(205f) Determining The Outward-Facing Structure And Sugar Binding In Lactose Permease Of e. Coli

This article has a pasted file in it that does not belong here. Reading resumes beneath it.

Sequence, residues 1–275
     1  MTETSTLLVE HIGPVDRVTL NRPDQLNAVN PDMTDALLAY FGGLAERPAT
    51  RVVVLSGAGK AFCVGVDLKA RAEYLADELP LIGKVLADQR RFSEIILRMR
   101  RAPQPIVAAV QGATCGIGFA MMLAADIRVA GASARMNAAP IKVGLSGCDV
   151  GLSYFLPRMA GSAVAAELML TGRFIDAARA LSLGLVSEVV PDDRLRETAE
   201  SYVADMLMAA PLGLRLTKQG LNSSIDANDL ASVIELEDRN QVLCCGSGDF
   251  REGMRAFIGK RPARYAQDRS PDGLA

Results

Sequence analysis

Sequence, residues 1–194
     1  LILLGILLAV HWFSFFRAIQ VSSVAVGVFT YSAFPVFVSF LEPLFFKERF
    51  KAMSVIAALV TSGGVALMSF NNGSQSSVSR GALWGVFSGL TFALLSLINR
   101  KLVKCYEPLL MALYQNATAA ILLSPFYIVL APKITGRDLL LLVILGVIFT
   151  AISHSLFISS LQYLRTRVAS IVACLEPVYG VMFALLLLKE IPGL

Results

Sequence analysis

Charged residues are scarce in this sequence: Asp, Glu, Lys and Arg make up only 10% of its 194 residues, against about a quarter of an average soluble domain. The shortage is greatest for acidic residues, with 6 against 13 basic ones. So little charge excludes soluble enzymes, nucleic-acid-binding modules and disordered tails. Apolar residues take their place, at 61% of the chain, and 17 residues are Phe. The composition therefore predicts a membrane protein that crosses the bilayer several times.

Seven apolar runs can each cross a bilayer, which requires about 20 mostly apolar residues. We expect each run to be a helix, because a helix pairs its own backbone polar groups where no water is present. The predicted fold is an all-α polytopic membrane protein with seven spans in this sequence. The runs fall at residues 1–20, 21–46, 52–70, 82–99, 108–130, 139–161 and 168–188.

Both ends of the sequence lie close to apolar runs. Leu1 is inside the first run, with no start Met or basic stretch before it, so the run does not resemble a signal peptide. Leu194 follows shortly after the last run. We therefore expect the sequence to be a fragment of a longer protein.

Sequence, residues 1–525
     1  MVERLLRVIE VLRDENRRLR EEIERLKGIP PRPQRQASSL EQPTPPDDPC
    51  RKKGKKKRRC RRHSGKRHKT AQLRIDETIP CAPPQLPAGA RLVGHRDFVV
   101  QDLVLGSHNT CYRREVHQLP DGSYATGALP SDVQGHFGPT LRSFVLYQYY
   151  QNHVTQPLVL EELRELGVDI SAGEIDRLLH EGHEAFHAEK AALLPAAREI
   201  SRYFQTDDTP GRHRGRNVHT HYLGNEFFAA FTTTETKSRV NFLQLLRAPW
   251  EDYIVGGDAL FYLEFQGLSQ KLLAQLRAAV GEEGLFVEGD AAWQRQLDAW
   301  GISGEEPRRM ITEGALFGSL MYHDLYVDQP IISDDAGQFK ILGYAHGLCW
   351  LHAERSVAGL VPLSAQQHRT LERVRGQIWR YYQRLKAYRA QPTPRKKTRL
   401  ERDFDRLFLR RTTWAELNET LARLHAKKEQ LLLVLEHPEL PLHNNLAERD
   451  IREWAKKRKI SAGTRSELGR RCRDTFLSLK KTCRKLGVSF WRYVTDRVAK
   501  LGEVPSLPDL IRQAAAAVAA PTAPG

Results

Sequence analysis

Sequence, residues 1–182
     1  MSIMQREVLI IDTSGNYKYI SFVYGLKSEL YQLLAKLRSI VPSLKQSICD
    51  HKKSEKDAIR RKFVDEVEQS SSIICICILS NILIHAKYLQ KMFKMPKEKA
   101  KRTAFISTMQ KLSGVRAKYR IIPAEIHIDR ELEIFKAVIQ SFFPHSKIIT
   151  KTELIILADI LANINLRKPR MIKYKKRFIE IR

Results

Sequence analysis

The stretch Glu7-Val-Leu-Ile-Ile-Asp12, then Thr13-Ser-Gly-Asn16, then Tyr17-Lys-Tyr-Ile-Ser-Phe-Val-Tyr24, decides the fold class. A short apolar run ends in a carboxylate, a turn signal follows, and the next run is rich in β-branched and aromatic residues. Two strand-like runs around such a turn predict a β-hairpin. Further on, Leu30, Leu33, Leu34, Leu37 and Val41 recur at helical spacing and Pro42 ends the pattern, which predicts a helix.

Membrane transport proteins play significant roles in human physiology, drug transport, bacterial resistance to antibiotics, and diseases, such as cystic fibrosis. The major facilitator superfamily (MFS) is a family of membrane transport proteins found in a broad range of organisms from archaea to the human central nervous system. Lactose permease in E. coli (LacY) transports disaccharides and is studied as an important model for the MFS. The objective of our research is to determine the binding site structure and affinity of disaccharides in LacY, as well as, global structural changes from the known inward-facing to the outward-facing structure. Molecular dynamics (MD) simulations are used to probe the protein-sugar interactions by investigating LacY embedded in a fully hydrated lipid bilayer. MD simulations with galactopyranosyl-(1,1)-galactopyranoside (Galp-(1,1)-Galp) and galactopyranosyl-(1,1)-gluctopyranoside (Galp-(1,1)-Glcp) result in binding structures the depend on the anomeric state and ring structure. The Galp ring strongly interacts with Glu126, where as Asp237 and Asp240 have a greater affinity to Glcp. Significant protein-sugar interaction are seen that involve protein residues not observed in the crystal structure, as well as, those involved in proton translocation (a precursor to protein structural changes). Common to nearly all protein-sugar interactions, water acts as a hydrogen bond bridge between the disaccharide and protein. The outward-facing structure of LacY has not been determined experimentally, but opening of protein towards the periplasm is observed in our molecular simulations. Structural changes in LacY are believed to be the result of proton translocation between certain residues. Therefore, wild-type LacY is simulated with different protonated states in conjunction with normal mode analysis to obtain large-scale motions. Additional simulations of mutants that stabilize the outward-facing conformation (K131C and I129C/K131C) also verify structural transitions between the two states of the protein. These structural studies enhance our understanding of the sugar transport cycle in LacY and lay groundwork for future studies of MFS proteins.